A concussion is a mild traumatic brain injury. A concussion occurs when a blow or jolt to the head causes the brain to move back and forth within the skull cavity. Jarring movements to the head which result in an impact with the skull wall may cause bruising, bleeding or tissue tears in the brain. Concussions come from three types of injuries: direct impact injuries, acceleration-deceleration injuries, and blast injuries.
Direct impact injuries are when your head collides with an object and the impact bruises and damages the brain. Acceleration- deceleration injuries come from whiplash conditions in a car accident. In other words, the rapid forward and backward movement of the head in reaction to the impact. Blast injuries occur when in close proximity to explosions and result in sound waves damaging the brain. Most commonly direct impact injuries and acceleration-deceleration injuries occur in auto accidents.
Signs of a Concussion
A concussion often results in an altered mental state that may include a period of unconsciousness at the scene of the accident. Concussions often come with symptoms of confusion, nausea, blurry vision, and dizziness. These symptoms may not appear for the first few hours following the accident or even days depending upon the severity or grade of the concussion. Those with a concussion may also experience a newfound sensitivity to light, feel nauseous or even vomit. They may have ringing in their ears and be confused in regards to the date and time of day.
Grade 1: No loss of consciousness at the scene of the accident. Amnesia is present but affects the patient for less than 30 minutes.
Grade 2: The injured party loses consciousness for less than five minutes at the scene of the accident. This unconsciousness is followed by 30 minutes to 24 hours of amnesia.
Grade 3: Consciousness is lost for more than 5 minutes and amnesia lasts for more than 24 hours.
Concussions may occur without any loss of consciousness and therefore, are further categorized by the duration of the amnesia.
Potential Lasting Symptoms
You may experience trouble falling asleep and find yourself sleeping too little or too much. Even if you get enough sleep, you may have feelings of fatigue or exhaustion.
You may have memory problems including difficulty in remembering new information, trouble with concentrating or thinking, and often feel confused.
Mood instability may occur with an increase in irritability, feelings of sadness, feelings of nervousness or anxiety.
Most people who sustain a concussion or mild traumatic brain injuries are back to normal often in a week or two almost always within a few months. But others may have long-term problems from the concussion.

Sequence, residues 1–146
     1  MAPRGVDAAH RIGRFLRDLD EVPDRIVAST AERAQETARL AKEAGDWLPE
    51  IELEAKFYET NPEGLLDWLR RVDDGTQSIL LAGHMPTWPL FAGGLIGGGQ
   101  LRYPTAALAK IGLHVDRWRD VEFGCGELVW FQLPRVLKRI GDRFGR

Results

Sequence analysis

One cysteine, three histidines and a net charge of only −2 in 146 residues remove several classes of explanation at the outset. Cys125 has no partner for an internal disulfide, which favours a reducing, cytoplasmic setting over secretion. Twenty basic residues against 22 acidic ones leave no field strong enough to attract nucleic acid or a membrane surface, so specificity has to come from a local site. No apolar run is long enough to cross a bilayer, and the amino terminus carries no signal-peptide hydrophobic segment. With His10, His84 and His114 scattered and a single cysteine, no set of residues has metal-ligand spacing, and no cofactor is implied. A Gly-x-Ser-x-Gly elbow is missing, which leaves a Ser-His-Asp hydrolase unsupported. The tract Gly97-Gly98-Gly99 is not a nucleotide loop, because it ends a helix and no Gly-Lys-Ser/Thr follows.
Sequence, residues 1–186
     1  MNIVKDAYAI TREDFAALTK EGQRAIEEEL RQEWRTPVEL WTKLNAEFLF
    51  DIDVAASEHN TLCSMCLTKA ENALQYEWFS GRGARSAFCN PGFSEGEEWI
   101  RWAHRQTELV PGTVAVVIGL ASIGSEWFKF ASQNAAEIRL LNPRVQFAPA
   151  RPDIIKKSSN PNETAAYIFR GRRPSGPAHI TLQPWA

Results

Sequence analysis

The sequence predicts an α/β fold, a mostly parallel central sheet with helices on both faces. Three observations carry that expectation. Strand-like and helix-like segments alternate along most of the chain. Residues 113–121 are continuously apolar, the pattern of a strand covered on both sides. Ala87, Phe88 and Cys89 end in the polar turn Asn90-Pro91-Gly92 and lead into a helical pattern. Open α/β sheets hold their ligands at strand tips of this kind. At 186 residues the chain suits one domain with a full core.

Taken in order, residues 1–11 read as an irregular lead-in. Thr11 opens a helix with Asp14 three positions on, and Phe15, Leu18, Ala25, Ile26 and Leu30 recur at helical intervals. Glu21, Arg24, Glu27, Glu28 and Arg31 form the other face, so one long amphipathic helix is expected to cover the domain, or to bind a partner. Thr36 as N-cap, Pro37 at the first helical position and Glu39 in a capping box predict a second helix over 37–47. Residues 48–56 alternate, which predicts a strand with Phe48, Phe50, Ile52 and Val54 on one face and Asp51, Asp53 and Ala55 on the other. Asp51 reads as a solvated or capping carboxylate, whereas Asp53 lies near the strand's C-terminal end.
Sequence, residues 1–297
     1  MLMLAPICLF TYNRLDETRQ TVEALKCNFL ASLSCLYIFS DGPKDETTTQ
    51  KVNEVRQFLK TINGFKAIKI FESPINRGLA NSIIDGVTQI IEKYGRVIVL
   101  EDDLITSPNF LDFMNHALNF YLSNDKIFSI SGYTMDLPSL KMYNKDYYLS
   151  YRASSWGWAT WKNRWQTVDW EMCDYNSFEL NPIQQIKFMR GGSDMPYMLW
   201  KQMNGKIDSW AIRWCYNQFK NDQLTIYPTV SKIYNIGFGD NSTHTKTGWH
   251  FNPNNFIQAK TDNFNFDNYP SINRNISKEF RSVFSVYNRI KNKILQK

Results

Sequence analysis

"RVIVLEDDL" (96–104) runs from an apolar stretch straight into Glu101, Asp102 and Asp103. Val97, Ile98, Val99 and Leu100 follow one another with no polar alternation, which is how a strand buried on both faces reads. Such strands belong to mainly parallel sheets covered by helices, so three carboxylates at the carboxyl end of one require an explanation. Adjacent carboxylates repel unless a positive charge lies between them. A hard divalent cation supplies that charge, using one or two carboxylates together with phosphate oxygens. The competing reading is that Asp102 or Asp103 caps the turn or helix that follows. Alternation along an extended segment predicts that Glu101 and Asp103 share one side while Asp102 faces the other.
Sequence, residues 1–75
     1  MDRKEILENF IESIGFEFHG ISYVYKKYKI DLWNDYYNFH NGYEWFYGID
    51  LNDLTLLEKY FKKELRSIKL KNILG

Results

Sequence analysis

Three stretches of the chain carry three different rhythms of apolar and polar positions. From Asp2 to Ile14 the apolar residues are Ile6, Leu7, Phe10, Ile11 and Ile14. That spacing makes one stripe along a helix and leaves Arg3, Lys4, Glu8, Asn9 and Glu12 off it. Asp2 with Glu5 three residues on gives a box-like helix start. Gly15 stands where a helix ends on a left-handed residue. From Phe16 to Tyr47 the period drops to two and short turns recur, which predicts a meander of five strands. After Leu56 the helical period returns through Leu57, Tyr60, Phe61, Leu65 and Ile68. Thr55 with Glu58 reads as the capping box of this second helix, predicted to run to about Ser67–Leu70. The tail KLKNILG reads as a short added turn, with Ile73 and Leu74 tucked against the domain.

Due to the nature of a head injury, the injured person may lack the judgment to make an informed decision regarding whether or not to go to the hospital. Passengers, drivers, or family and friends can be instrumental in urging the injured party to seek medical treatment.
Upon receiving treatment, your doctor may perform tests on your vision, hearing, strength, sensation, balance, coordination, and reflexes to test for a concussion. They may also administer tests for memory concentration and check your ability to recall information.
Rest is the most important thing to help you recover from a concussion. Resting allows your brain to physically and mentally recover. Included with rest is avoiding activities that may aggravate your condition such as physical exertion, sports or any vigorous movements. You may also need to reduce activities that require mental concentration, such as playing video games, watching TV, doing schoolwork, reading, texting or using a computer.
As your symptoms improve, you may increase the amount of time you spend doing activities that require concentration.
Your doctor will discuss with you when it’s safe for you to resume light physical activity. Resuming sports too soon may result in a secondary concussion or even worse brain injuries. For headaches stemming from the concussion, you can take acetaminophen or Tylenol but it’s best to avoid ibuprofen, Advil, Motrin and aspirin as these medications may increase the risk of bleeding as they have a blood-thinning effect.
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